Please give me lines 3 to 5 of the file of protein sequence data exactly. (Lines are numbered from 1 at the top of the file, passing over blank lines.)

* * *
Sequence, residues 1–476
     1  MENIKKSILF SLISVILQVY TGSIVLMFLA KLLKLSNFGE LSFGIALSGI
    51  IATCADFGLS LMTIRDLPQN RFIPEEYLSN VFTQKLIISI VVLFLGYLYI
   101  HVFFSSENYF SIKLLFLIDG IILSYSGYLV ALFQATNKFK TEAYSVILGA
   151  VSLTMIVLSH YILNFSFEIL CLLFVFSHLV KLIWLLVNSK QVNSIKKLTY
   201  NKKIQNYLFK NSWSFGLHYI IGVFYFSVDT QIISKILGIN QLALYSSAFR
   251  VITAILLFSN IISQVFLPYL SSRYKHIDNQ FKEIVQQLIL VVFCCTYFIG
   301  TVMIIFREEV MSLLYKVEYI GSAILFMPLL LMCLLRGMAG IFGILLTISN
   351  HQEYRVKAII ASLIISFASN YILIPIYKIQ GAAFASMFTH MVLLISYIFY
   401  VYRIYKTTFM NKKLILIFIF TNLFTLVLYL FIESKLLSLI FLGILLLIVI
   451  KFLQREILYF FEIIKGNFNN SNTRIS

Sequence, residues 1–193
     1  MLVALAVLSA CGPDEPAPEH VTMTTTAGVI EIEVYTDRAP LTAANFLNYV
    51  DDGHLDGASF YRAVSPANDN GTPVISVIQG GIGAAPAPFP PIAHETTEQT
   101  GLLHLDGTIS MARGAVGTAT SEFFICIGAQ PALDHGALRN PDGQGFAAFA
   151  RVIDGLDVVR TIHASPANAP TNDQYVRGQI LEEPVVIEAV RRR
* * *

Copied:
    51  IATCADFGLS LMTIRDLPQN RFIPEEYLSN VFTQKLIISI VVLFLGYLYI
   101  HVFFSSENYF SIKLLFLIDG IILSYSGYLV ALFQATNKFK TEAYSVILGA
   151  VSLTMIVLSH YILNFSFEIL CLLFVFSHLV KLIWLLVNSK QVNSIKKLTY